I was happy to hop on a plane for Palm Springs recently. I left behind a gray day in Chicago and landed in the oasis of blue skies, hazy peaks and shimmering water. Yet, the vibe there was not exactly serene; I would describe it as an atmosphere of excited anticipation.
There might have been an obvious reason for this atmosphere. I was at the PointClickCare Summit, and the electronic health records company is preparing to go public, with a proposed maximum offering of $100 million. That’ll set the nerves on edge.
But I think that there’s something larger going on, and PointClickCare going public is only part of that bigger story. I get the sense that senior living is at a tipping point.
Specifically, it’s at a tipping point with regard to health care reform.
Last May, we ran a story about why senior living and accountable care organizations (ACOs) don’t get along. (ACOs, as I’m sure our readers know, are those networks of providers that are supposed to coordinate care and share in the upside if they save Medicare money. And some face penalties if they don’t.)
We’ve run other versions of the “why senior living providers can’t gain traction with ACOs” story ever they were created under the Affordable Care Act, and it’s a topic that I’ve discussed with industry leaders at various events. The upshot has always been something like this:
The senior living industry has a lot to offer ACOs. A senior living provider can help keep seniors out of the hospital, lowering costs (and helping hospitals and physicians avoid Medicare readmission penalties). And senior living has something to gain by being in an ACO—namely, a strong referral stream. So why hasn’t it worked out? Let me count the ways. The incentives haven’t lined up correctly, because predominantly private-pay senior living companies don’t have much Medicare revenue at stake. Medical providers have seen senior housing more as a hospitality product than a health care setting. The necessary technology pieces for collaboration haven’t been in place, because the government didn’t offer senior care providers the dollars for electronic medical records that were available for acute and primary care.
And on and on, a litany of reasons why this key part of health care reform has been happening at a remove from senior living.
But that story might not be true anymore.
It Won’t Be Long
Take Juniper Communities. Founder and CEO Lynne Katzmann is a self-described “policy wonk” who dug right into the ACA after it passed, and immediately began implementing changes in response. Juniper added service lines, such as therapy and on-site primary care, and developed its Connect 4 Life program to collect and utilize data to drive outcomes. So far, the focus has been on increasing length of stay and putting the pieces in place for future partnerships across the care continuum.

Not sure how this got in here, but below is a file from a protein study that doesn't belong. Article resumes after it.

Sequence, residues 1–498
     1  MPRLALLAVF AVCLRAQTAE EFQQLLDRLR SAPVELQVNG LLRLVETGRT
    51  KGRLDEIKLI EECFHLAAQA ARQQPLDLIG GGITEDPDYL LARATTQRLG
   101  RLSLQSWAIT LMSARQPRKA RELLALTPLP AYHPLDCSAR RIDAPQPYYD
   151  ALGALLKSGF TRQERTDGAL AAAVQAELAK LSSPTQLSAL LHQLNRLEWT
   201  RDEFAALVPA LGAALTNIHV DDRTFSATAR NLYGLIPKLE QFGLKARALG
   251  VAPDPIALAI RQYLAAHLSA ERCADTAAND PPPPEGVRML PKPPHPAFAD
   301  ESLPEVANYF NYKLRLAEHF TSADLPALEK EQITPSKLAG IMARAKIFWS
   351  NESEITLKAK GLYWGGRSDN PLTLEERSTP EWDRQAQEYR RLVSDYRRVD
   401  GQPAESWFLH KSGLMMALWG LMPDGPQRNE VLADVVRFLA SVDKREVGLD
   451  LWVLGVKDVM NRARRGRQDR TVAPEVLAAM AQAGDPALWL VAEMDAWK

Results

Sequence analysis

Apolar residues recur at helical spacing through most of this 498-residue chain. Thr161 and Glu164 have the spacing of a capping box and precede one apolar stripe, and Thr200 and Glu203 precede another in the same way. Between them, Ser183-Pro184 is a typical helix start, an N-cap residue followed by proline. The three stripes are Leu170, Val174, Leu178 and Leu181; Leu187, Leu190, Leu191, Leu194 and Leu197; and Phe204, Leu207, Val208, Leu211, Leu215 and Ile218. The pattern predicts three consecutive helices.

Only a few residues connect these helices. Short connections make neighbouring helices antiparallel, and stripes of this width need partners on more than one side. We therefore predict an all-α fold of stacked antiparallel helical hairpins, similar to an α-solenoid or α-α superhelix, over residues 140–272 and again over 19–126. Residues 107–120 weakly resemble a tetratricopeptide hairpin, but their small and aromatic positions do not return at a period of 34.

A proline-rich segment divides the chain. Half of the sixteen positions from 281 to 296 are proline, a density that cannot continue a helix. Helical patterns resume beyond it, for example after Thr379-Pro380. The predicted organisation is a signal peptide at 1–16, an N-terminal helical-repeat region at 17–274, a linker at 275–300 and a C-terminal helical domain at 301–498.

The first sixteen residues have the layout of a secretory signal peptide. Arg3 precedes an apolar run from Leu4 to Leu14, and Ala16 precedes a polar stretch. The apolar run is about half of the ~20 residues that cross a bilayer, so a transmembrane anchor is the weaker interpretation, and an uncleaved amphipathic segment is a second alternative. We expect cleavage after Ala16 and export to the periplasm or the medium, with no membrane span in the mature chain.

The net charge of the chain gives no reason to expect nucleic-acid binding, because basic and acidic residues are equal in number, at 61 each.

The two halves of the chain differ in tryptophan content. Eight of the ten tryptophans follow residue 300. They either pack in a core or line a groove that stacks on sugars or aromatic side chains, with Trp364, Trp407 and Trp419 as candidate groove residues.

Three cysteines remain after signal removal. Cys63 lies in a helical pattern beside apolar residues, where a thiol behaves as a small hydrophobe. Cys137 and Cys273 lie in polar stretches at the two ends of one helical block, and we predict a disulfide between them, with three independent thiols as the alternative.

“At some point in the future, we believe that assisted living will have to look at bundled payment and contracts with ACOs,” Katzmann told me at the PointClickCare Summit. “Right now, we don’t have to do that, but it won’t be long.”
The phrase that stands out to me: It won’t be long.
I interpret that to mean that the years-long period of senior living building up the necessary infrastructure and relationships to participate in ACOs is nearing its end, and for providers that have made it a priority, the next phase—actual contracted participation—is imminent. Although she believes that the biggest opportunity on the horizon is to potentially ally with Medicare Advantage plans, Katzmann says that Juniper already is showing its data to ACOs, among other referral sources, to drive its business.
And on the ACO side, consider that one of the event’s general session speakers was Karen Vanaskie, care management program director for Scottsdale Health Partners. One of her professional specialties is helping ACOs build clinically integrated care programs, and Scottsdale Health Partners in 2013 teamed with Cigna to create a sort of informal ACO. She was impassioned about the importance of the whole post-acute spectrum in accountable care:
“Take to heart how much you’re in the light right now,” she said. “Whether skilled, assisted living, home health, there’s not one I’m not doing a deep dive on. Ring your bell, that’s what I’m waiting for.”
Motion in the Market
Further evidence of a tipping point: I heard from a source that some ACOs are opting to send patients from the hospital straight to assisted living, whereas in the past they would probably have gone to a skilled nursing facility. We’re looking into this and hopefully will be able to share more details. But I think this is notable, because the SNFs have had an edge with ACOs. In part, this is because they have been ahead of private-pay senior living in adopting EHRs to gather the data needed to demonstrate they will be good partners.